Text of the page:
The styling and cinematography works beautifully with its subject matter, both raw and honest, but also showy and stylised. Can you tell me about striking this balance and how you cultivated the “look” of the film?
I always try in my films to make the style match the subject as closely as possible and to have an effortless relationship between all the disparate elements, so that nothing jars unless we want it to. With this film it seemed like handmade and collage/bricolage was the right direction for the animation. Handheld observation at close quarters was the way to go with the documentary element – something up close and personal. The balance was something that took a long time to get right in the edit. I wanted the feeling of transforming from clumsy feet of clay in our everyday lives to the glamour of the show, however bizarre and homemade.

The documentary briefly references the contrast of art as business and art simply for the joy of it, and Grayson Perry acknowledges how critics are always looking for the subversive, darker elements of art. In this case is art which is beautiful and celebratory (as Andrew’s is) destined to be relegated to being “unfashionable”?
There was a window in the late 1970s and early 1980s where unfashionable beauty and celebration for once became very fashionable – including Andrew’s work. I think we might be about to witness something similar again. And yes, I think you are right when I think about the UK art establishment; I don’t think they will ever embrace him. He readily acknowledges that his work falls between different stools – art, crafts, jewellery and design. He is a polymath, but he is not highbrow enough for the establishment and he resolutely refuses to play the game of being part of the art world.

Andrew’s art has always been fascinating because of how he unabashedly celebrates natural forms through an overt kitschness. Have you always been a fan of his work?
No, I was blissfully unaware of his work until 2004. When I first saw the archive of his giant flowers on top of BIBA’s roof garden and his giant size gilded ears of wheat for his Wheatfield installation, I was really tickled. I am not a massive fan of all of his work, but I do appreciate how much time and energy he puts into it every day. I have many favourite pieces that are not in the film. For example, My Childhood is a giant sculpture that includes all the toys he played with as a child, gilded and mounted on a series of mirror fields leading up to a golden castle. I also love his wall mirror portrait of Derek Jarman; smooth cut curves of mirror with a bundle of Jarman’s beloved driftwood on top.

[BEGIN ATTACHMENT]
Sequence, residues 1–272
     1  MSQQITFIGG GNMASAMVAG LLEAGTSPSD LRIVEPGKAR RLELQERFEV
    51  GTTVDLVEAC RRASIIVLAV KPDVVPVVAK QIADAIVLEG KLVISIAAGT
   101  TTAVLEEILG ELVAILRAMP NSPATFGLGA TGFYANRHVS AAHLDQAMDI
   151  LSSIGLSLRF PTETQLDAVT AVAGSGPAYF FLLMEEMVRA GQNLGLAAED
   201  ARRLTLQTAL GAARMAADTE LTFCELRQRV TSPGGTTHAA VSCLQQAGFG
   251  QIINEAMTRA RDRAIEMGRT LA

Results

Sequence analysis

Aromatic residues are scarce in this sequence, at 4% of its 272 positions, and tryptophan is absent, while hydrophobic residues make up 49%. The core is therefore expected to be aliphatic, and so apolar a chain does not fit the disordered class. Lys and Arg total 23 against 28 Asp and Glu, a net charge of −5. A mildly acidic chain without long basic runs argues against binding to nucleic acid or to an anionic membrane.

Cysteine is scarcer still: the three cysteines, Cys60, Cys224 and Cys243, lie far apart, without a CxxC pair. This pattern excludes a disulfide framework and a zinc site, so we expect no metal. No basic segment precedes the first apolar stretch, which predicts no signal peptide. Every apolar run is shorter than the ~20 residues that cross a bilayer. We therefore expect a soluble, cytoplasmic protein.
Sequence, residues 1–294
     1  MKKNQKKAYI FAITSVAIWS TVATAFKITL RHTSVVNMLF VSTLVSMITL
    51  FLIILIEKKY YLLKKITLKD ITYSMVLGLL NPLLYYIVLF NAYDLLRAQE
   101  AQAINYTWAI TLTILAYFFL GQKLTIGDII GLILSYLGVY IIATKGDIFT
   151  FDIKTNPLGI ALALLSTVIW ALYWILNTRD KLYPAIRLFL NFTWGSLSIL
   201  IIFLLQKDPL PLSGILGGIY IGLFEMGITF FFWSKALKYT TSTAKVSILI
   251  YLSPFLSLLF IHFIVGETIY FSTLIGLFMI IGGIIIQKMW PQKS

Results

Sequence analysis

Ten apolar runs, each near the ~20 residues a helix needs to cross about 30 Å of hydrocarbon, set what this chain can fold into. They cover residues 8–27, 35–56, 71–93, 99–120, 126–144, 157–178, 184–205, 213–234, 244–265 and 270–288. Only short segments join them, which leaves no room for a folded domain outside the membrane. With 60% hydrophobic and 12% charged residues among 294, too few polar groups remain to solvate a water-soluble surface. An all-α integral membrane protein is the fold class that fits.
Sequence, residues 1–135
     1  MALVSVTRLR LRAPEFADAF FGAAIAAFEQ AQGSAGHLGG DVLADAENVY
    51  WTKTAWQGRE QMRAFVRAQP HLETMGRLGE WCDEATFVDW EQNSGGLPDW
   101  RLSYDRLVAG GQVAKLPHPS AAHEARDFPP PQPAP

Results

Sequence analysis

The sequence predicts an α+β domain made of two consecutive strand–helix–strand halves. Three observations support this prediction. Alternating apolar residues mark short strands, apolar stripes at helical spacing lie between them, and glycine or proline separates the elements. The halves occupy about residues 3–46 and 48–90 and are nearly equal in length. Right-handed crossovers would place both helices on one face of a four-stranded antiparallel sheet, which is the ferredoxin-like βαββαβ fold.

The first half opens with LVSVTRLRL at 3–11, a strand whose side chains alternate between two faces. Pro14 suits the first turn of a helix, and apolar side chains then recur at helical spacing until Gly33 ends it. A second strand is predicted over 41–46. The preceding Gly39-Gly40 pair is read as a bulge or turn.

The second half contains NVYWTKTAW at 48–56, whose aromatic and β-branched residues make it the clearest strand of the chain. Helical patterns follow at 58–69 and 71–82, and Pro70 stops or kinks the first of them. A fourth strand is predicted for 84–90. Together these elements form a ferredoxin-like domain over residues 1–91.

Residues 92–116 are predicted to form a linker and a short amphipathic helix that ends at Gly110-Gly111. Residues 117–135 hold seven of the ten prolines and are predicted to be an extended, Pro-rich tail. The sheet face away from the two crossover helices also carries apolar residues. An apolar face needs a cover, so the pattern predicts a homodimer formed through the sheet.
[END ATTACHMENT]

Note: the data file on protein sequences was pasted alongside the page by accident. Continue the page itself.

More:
Andrew is a fascinating character and, unlike the subjects of many documentaries, he never reveals a negative side. Is this because of your sympathetic filmmaking or down to the good character of your protagonists?
All the way through the process people kept asking: “What’s Andrew’s dark side?” I was intrigued too. So I asked everyone who knew him and was surprised to learn that he really doesn’t have one. He is never nasty to anyone. When Andrew played rugby for the first time as a schoolboy, he apologised to his opponents after every tackle – invoking the fury and frustration of his sports teachers. He can be a little cold or distant sometimes; I have seen him a little self-pitying too. I have even seen him get quite angry once in the seven years I’ve known him, but by the time I’d turned the camera on he had recovered. That’s his great trick; he is very quick at self-righting.

What kind future do you envisage for The Alternative Miss World?
I think Andrew will keep on doing the shows until he dies. He has an image of himself coming on stage using a mirrored zimmer frame (he has made one already). The show is still unique because Andrew is a one-off, and it is by the sheer force of his will that the show remains resolutely independent. As long as he stays involved, the show will have its own unique, amateur and glamorous (am-glam?) flavour.

Ruby Beesley